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ACE gene insertion/deletion polymorphism in childhood idiopathic nephrotic syndrome.

Authors
Type
Published Article
Journal
Pediatric nephrology (Berlin, Germany)
Publication Date
Volume
20
Issue
12
Pages
1738–1743
Identifiers
PMID: 16208534
Source
Medline
License
Unknown

Abstract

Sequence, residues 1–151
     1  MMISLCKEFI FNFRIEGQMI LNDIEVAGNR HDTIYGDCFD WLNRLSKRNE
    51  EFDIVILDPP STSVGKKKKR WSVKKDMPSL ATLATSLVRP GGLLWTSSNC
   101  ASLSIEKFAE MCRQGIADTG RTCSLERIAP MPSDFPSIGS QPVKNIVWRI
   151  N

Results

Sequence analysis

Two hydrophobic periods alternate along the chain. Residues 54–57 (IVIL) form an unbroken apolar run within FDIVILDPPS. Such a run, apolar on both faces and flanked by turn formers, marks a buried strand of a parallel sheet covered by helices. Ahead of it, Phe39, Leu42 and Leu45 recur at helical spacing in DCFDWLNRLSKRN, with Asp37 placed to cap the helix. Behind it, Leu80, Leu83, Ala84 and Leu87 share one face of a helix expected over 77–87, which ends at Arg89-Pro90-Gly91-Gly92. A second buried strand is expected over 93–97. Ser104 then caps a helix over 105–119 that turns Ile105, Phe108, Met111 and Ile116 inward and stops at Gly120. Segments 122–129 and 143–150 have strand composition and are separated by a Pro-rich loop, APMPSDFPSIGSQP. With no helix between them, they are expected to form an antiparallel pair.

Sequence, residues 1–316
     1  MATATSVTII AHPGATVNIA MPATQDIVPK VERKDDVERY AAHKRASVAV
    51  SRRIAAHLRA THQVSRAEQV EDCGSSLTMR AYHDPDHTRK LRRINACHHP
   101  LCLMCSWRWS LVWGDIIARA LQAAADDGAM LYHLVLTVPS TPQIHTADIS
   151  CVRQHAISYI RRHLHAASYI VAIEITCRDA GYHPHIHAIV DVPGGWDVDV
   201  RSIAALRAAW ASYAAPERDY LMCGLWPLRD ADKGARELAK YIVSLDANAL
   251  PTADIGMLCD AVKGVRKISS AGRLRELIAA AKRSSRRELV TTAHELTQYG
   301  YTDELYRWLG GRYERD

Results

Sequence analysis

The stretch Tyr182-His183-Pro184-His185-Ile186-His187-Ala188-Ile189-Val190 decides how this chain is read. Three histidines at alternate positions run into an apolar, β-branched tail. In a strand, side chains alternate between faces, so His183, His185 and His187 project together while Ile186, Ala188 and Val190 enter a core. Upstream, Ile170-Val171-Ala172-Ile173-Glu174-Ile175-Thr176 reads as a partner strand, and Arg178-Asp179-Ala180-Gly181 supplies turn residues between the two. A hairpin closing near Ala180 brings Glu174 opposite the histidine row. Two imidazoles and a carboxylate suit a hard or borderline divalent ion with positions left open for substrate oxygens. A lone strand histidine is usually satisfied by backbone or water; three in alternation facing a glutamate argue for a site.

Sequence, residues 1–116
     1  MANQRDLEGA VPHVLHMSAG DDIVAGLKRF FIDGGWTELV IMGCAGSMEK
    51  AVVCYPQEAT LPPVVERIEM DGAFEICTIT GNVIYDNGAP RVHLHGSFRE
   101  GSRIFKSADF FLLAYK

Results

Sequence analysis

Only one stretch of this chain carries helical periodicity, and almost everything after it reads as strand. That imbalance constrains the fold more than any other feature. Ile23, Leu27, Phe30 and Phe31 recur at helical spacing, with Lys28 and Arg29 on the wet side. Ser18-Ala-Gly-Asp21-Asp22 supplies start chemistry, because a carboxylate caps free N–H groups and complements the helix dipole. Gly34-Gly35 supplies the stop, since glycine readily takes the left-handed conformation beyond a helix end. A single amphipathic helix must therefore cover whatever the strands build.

The aim of this study was to determine the distribution of angiotensin converting enzyme (ACE) gene insertion/deletion (I/D) polymorphism, and its effects on clinical, laboratory, histological findings, treatment responses and progression to end-stage renal disease in childhood idiopathic nephrotic syndrome (NS). 227 children diagnosed with idiopathic NS were included in the study. Eighty-three of patients were steroid resistant and 77 of patients were focal segmental glomerulosclerosis. The control group was consisted of 287 unrelated healthy adult volunteers. ACE gene I/D polymorphism were analyzed by using PCR based method. In the entire group of children with NS, the frequencies of the II, ID, and DD genotypes of ACE gene were 13.7%, 38.3% and 48%, respectively. D allele frequency was higher in NS group than control group (0.67 vs. 0.56, p=0.001). Percentage of frequent relapser patients was found more frequently in ID or DD genotype (38.7%) than II genotype (15%) when only steroid sensitive patients were evaluated (p=0.045). The D-allele frequency was 0.65, 0.69 and 0.68 respectively in focal segmental glomerulosclerosis, biopsy proven minimal change and entire minimal change group (p>0.05) and 0.69 and 0.64 respectively in steroid sensitive and resistant groups (p>0.05). D allele frequency was not significantly different in patients with or without end-stage renal disease (0.64 vs. 0.67 respectively, p>0.005) when 115 patients who were at least five year follow-up were evaluated. The D allele frequency was higher in NS patients than healthy controls and DD or ID genotype was related with frequent relapses. ACE gene I/D polymorphism was not important in laboratory and histological findings and progression of the disease in children with NS.

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